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  • 1.

    Remove all entertainment devices (television, stereo, gaming device, computer, etc.) from your child’s room and move them into a common family area so that you can keep track of what your child is doing in his/her spare time.

  • 2.

    Decide what activity your child values the most. This might be watching television, speaking on the phone, instant messaging his friends, playing video games, etc.

  • 3.

    Tell your child that there will be NO MORE of that activity UNLESS:

  • 4.

    Direct your child to write the assigned homework in his/her student planner in each academic class daily. If there is no homework, your child should write “none.” After class, your child should approach the teacher, who will check and initial the student planner.

  • 5.

    After school, direct your child to complete his/her homework in the designated homework spot in your house. Do not allow your child to watch television or listen to music (unless it’s classical) while the homework is being completed.

  • 6.

    When the homework is completed, together with your child, check the homework against the student planner. If your child has the required four initials (English, history, math, and science) and can show you the corresponding homework, then he/she can do the valued activity for a specific time period of your choice, perhaps an hour.

  • 7.

    Your child will test you with this system. He/she will make excuses for no signature and tell you reasons why his/her planner is not filled out or is wrong. Expect to be challenged and do not cave in! Be consistent and remain firm that there is no valued activity unless your child adheres to the plan.

  • 8.

    The highest priority for credit-deficient students should be to pass all classes. They must use the student planner daily in all classes, complete all classroom and homework assignments, and study for all quizzes and tests. Students who need extra help should see the teacher before or after school.


Organize and prioritize. Keep track of assignments in your student planner and a calendar at home. Check off each task as you complete it. Organize homework in separate folders according to class. Write the due date in pencil at the top of each assignment and prioritize assignments according to due dates and the time it will take for completion. Set deadlines for longer assignments and projects.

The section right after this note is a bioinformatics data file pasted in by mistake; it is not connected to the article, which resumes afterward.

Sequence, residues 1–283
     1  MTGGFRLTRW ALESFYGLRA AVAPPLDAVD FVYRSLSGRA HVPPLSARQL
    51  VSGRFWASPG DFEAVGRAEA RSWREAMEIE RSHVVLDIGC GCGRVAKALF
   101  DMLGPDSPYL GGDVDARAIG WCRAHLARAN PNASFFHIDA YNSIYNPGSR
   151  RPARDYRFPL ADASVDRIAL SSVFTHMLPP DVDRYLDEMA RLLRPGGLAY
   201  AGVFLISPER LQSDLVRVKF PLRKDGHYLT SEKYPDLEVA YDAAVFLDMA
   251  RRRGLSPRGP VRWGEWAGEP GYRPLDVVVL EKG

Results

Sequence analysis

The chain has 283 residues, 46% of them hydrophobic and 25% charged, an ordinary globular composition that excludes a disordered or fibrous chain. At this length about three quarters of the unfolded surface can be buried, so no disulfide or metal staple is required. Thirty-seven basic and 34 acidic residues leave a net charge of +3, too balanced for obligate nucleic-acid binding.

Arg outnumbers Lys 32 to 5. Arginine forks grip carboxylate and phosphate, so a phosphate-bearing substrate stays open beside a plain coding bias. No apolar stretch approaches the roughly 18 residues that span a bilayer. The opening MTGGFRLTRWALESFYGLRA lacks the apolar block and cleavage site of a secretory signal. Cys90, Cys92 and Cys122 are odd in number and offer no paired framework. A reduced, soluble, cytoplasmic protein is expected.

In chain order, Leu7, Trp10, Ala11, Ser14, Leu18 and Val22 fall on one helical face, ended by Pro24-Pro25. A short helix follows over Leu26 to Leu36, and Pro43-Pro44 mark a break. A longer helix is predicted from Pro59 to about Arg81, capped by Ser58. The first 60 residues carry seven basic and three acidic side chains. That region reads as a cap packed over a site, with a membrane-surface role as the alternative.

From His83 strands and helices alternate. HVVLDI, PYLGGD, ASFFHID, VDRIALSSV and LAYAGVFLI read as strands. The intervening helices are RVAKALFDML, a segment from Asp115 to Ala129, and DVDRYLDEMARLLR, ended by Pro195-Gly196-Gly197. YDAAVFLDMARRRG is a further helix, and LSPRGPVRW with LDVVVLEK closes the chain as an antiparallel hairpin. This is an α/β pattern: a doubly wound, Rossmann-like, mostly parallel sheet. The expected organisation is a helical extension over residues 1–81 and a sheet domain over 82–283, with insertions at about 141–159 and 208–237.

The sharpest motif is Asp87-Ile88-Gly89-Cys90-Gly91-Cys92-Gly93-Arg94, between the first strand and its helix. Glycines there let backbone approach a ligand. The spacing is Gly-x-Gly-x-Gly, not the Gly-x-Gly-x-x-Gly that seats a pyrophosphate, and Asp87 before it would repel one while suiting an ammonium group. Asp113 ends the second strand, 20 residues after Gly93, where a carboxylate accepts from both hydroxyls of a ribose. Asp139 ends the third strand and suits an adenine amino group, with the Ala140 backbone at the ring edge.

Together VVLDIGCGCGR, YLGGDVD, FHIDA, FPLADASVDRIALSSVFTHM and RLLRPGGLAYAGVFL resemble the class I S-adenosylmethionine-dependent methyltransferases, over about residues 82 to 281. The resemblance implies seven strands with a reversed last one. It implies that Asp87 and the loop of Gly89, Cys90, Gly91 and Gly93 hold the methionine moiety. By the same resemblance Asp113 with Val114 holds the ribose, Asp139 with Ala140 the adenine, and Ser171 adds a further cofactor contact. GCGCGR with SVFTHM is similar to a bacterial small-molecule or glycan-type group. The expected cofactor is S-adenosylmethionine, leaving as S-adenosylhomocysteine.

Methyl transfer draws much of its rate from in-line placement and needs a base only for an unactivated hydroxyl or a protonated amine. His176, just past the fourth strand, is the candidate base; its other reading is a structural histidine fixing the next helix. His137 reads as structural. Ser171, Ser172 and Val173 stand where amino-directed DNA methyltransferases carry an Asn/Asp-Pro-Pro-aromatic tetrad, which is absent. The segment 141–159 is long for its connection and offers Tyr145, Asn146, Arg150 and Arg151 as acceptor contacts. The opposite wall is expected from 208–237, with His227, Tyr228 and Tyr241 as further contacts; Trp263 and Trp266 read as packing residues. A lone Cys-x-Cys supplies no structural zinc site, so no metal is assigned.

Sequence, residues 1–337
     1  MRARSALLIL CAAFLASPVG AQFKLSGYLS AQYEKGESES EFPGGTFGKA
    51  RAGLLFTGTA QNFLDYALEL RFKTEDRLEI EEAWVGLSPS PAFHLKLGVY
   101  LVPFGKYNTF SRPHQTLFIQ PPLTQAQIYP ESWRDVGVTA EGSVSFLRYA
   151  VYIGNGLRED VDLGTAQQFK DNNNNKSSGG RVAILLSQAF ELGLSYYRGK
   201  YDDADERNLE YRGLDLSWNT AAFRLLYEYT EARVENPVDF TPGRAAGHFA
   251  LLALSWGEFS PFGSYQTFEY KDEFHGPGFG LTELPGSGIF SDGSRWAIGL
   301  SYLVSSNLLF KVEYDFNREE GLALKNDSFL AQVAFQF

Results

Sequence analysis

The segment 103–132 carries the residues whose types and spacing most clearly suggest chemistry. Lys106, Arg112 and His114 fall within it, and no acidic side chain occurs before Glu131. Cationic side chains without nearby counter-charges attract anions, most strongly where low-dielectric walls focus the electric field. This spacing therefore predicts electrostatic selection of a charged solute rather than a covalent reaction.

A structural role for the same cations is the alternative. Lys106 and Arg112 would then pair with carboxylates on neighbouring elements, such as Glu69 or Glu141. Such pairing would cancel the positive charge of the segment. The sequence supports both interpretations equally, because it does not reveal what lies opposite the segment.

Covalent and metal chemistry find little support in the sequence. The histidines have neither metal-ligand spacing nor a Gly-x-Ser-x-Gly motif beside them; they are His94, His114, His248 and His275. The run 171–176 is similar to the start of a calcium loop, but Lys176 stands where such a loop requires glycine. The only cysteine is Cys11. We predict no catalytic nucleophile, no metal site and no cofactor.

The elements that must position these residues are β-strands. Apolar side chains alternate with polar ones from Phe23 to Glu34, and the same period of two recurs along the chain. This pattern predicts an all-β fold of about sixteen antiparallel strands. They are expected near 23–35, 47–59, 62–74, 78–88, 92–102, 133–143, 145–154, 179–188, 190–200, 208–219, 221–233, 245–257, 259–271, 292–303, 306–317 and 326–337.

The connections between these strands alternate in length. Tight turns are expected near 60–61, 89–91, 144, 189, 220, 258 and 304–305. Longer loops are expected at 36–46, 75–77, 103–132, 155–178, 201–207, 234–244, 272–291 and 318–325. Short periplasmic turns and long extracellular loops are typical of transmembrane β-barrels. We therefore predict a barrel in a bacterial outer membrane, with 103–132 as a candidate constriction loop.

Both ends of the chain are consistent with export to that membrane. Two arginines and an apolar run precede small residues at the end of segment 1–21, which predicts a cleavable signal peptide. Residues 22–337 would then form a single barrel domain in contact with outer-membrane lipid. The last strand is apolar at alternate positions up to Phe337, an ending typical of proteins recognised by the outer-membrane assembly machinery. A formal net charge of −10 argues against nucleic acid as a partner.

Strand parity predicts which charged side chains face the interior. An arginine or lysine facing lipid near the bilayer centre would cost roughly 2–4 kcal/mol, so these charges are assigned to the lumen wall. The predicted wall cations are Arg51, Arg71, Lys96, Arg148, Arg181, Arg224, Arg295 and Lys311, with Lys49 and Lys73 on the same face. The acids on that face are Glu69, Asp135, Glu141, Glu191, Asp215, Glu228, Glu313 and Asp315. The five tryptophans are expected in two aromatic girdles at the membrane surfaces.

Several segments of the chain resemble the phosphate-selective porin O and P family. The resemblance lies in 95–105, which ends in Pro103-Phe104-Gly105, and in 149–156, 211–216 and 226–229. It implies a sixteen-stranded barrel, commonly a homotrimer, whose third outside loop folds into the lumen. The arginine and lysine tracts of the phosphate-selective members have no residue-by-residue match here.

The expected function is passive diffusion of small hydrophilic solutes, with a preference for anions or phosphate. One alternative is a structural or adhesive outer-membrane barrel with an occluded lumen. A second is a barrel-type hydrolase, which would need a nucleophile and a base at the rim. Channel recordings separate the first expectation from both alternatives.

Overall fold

Do homework in the same place at the same time every day. Don’t start at the end of the day when you are tired. Pick a time when you have the most energy, and make homework a priority above sports and social time. Your study work space should be quiet and have plenty of light. In smaller quarters, get everyone in your home to agree to a daily quiet time. Remove distractions such as phones, television, iPods, and Facebook.

Know your assignment. Don’t waste time wondering what you need to do. Be clear about what your assignment is and what steps you need to take. Write down directions and due dates immediately when they are given by the teacher. Ask questions before you leave class.

Use time wisely. Do the easy stuff when you have a few spare moments. Knock out a couple of algebra problems during lunch. Run through your vocabulary words during the ride home.

Know how you work best. Alone in a quiet room? By making flashcards? By studying with a friend? Be honest about what situation will get the job done. Study groups are great for drilling on spelling words and preparing for tests, but that’s only if the mutual goal is to learn and get the work done.

Keep returned graded assignments at home until you have received and are satisfied with your final grade at the end of each quarter.

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